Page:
The Book Banning Controversy: How About We Listen to Each Other?

At the risk of alienating everyone, I’m going to present my thoughts on the book-banning debate. If I had to sum them up succinctly, I’d say, “we should stop vilifying each other and listen to each others thoughts about banning books.” The rhetoric has gotten over the top (e.g., “Texas moves one step closer to full FAHRENHEIT 451.” or ““The goal is to sexualize children.”), and people are talking past each other.

As a parent, although with grown-up children and grown-up grandchildren (my great grandchildren can’t read yet), I know there are books I wouldn’t have wanted my children to read when they were at certain ages. At the same time, I wouldn’t want someone else making the decision about what my children should read, not even other parents. But, in order to make a decision about whether my children should  read it, I would have to know something about the content of a book. The question becomes, how should authors, publishers, booksellers, libraries and school systems convey information about a book’s content.

Films are rated in terms of their appropriateness for different age groups: The current Motion Picture Association of America (MPAA) rating sytem is:

  • Rated G: General audiences – All ages admitted.
  • Rated PG: Parental guidance suggested – Some material may not be suitable for children.
  • Rated PG-13: Parents strongly cautioned – Some material may be inappropriate for children under 13.
  • Rated R: Restricted – Under 17 requires accompanying parent or adult guardian.
  • Rated NC-17: Adults Only – No one 17 and under admitted.

Motion picture ratings are based on the presence of violence, profane language, substance use, nudity, and sex. According to the MPAA ,“ratings are determined by the Classification and Ratings Administration (CARA), via a board comprised of an independent group of parents.” In other words, one group of parents is determining what decision the rest of us should make about allowing our children to watch a film. Film ratings are voluntary and not mandated by law, although most film distributors won’t distribute an unrated film, and most theaters attempt to enforce the R and NC-17 recommendations.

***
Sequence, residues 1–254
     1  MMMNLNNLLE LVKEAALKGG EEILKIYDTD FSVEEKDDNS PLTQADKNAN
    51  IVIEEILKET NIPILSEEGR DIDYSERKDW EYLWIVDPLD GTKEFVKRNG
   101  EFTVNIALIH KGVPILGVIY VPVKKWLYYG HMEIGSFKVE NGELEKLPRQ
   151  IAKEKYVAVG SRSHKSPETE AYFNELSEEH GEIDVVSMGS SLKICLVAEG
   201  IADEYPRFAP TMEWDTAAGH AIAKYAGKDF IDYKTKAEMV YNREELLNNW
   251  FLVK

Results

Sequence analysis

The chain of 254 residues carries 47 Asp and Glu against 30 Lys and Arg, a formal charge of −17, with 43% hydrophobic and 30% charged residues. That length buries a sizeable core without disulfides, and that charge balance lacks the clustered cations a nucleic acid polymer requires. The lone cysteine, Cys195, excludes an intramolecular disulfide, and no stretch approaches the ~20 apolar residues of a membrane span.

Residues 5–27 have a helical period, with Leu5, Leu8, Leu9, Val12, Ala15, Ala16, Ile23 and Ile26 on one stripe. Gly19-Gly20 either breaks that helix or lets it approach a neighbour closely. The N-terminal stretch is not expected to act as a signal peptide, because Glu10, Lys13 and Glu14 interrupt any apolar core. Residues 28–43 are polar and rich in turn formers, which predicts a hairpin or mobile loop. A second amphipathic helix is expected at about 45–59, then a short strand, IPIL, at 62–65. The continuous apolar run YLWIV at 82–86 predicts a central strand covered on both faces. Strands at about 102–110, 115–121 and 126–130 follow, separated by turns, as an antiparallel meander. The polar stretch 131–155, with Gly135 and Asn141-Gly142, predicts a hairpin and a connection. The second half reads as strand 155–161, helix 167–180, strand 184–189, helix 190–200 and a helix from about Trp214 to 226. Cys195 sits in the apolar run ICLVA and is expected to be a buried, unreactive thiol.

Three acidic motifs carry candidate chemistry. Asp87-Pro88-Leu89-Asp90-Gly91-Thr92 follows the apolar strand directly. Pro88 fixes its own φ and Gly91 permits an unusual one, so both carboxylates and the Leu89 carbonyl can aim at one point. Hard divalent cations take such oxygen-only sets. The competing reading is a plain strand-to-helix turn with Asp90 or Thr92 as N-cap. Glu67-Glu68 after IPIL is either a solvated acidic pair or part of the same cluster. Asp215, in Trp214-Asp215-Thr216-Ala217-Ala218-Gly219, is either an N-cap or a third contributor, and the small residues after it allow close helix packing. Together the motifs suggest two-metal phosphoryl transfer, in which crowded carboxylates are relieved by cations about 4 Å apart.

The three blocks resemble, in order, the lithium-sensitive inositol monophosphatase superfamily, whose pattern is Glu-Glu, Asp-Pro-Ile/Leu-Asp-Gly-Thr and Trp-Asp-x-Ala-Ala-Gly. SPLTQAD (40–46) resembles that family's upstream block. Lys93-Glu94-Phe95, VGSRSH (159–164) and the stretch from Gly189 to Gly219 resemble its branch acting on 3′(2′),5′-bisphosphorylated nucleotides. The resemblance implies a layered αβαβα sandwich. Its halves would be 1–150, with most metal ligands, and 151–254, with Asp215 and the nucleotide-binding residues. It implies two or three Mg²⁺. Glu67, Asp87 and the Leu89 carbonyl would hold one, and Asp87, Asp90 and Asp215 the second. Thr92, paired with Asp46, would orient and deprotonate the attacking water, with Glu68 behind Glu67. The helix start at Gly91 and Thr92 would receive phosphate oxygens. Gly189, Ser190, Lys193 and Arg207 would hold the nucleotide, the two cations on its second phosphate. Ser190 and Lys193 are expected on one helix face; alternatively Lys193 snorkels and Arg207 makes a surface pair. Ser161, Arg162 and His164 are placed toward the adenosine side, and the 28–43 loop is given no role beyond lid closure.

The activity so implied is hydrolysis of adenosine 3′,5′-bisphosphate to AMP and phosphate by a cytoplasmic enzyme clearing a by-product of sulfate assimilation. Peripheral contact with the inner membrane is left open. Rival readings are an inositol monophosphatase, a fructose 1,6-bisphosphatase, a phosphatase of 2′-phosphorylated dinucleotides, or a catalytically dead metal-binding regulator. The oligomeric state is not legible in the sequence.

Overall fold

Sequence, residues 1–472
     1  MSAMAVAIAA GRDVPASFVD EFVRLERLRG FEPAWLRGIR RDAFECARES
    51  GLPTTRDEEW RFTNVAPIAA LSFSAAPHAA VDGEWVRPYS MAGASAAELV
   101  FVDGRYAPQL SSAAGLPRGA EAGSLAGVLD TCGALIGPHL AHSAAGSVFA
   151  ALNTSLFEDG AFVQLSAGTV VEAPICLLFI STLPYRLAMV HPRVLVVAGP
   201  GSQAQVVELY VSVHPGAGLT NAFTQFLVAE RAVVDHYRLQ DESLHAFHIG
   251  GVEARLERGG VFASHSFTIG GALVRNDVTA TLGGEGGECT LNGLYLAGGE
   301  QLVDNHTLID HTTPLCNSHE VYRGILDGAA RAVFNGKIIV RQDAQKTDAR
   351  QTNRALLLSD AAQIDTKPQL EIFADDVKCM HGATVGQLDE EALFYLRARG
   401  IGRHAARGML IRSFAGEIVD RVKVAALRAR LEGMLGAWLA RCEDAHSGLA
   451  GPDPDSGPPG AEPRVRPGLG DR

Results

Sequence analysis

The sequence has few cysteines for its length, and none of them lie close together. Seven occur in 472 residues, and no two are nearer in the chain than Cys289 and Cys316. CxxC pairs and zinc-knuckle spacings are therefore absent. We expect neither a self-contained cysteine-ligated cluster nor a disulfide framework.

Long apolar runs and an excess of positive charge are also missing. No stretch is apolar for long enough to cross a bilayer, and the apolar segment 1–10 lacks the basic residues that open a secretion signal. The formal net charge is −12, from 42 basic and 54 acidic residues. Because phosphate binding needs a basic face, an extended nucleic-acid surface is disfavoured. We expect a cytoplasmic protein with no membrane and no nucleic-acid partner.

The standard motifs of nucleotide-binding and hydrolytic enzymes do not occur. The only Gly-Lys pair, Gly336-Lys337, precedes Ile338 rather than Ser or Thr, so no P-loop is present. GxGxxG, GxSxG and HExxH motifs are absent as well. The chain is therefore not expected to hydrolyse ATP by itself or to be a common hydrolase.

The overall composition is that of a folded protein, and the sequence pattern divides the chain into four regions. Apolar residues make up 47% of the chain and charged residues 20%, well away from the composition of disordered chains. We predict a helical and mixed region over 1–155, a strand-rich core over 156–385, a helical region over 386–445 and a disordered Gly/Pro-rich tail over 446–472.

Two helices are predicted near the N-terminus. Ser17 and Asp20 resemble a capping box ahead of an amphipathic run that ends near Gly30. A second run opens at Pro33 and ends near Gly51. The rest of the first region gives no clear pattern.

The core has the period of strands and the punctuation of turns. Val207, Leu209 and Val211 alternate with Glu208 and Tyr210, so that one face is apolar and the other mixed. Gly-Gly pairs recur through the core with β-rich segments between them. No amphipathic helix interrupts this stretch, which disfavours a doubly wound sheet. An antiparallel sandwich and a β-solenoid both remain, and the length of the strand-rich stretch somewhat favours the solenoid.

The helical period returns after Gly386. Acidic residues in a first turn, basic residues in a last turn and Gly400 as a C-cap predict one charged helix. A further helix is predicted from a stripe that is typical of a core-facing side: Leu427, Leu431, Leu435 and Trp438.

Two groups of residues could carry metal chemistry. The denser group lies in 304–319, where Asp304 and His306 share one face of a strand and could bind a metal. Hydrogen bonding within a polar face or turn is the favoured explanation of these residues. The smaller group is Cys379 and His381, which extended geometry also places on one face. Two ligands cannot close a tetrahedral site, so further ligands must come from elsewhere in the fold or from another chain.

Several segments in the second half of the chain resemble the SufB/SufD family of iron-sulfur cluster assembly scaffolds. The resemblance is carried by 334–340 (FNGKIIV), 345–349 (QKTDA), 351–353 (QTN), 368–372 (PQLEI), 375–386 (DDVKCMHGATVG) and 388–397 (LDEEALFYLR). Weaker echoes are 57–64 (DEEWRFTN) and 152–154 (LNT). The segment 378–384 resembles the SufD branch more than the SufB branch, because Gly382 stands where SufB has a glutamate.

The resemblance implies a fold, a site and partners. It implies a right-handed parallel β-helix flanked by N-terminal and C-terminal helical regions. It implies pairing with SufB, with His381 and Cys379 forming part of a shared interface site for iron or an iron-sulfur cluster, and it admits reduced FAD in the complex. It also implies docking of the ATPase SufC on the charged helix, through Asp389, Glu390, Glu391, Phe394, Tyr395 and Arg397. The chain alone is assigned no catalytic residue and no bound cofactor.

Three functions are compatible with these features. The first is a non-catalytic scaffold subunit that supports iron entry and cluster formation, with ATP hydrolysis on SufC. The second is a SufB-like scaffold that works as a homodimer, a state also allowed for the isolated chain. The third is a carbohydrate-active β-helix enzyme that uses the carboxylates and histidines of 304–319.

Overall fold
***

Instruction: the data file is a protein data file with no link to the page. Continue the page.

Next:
In terms of books, Amazon does not label books, but prohibits those with “Offensive Content.” They define offensive content as “hate speech, [content that] promotes the abuse or sexual exploitation of children, contains pornography, glorifies rape or pedophilia, advocates terrorism, or other material we deem inappropriate or offensive.” So, with regard to books, Amazon essentially bans those that they consider offensive, but they use rather vague guidelines that permit them a lot of leeway in making such decisions.

The American Library Association, which three states have now disengaged themselves from, classifies books based on content using the Dewey Decimal system, which divides content into ten “knowledge” categories (e.g., general works; philosophy and psychology; religion; social sciences), and 100 subcategories, as well as some other “content neutral” systems, such as large print, children’s books, audiovisual materials, etc. In their view, labeling of books is designed to provide “viewpoint-neutral directional aids…intended to facilitate access by making it easier for users to locate resources.” In other words, they help you find a book. They have issued a formal statement on content labeling, which says, among other things, “The American Library Association opposes labeling as a means of predisposing people’s attitudes toward library resources.” In accordance with this philosophy, they discourage labels that are “used to warn, discourage, or prohibit users or certain groups of users from accessing the resource.” They warn that even directional labels describing a book’s content can become “prejudicial labels,” which they say, “are designed to restrict access, based on a value judgment that the content, language, or themes of the resource, or the background or views of the creator(s) of the resource, render it inappropriate or offensive for all or certain groups of users.” They oppose all use of prejudicial labels.

The American Association of School Librarians, a division of the American Library Association, goes further in its “Position Statement on Labeling Practices” than does its parent organization. They state that, “labels that make determinations about a book’s content are an infringement of a learner’s First Amendment rights to free speech and their ability to make determinations about what content is appropriate for them. Instead, school librarians should support each learner’s right to make determinations about content.” They go on to point out that labels such as LBGTQIA+ (Lesbian, Gay, Bisexual, Transgender, Queer, Intersex, and Asexual, plus any other identities not included in the acronym) or “Black,” “Indigenous,” or “people of color” may separate location or search aids for such content from other variables, such as “romance” or “science fiction” in which such content is often included, thereby restricting access to such content, or making access to such content more difficult.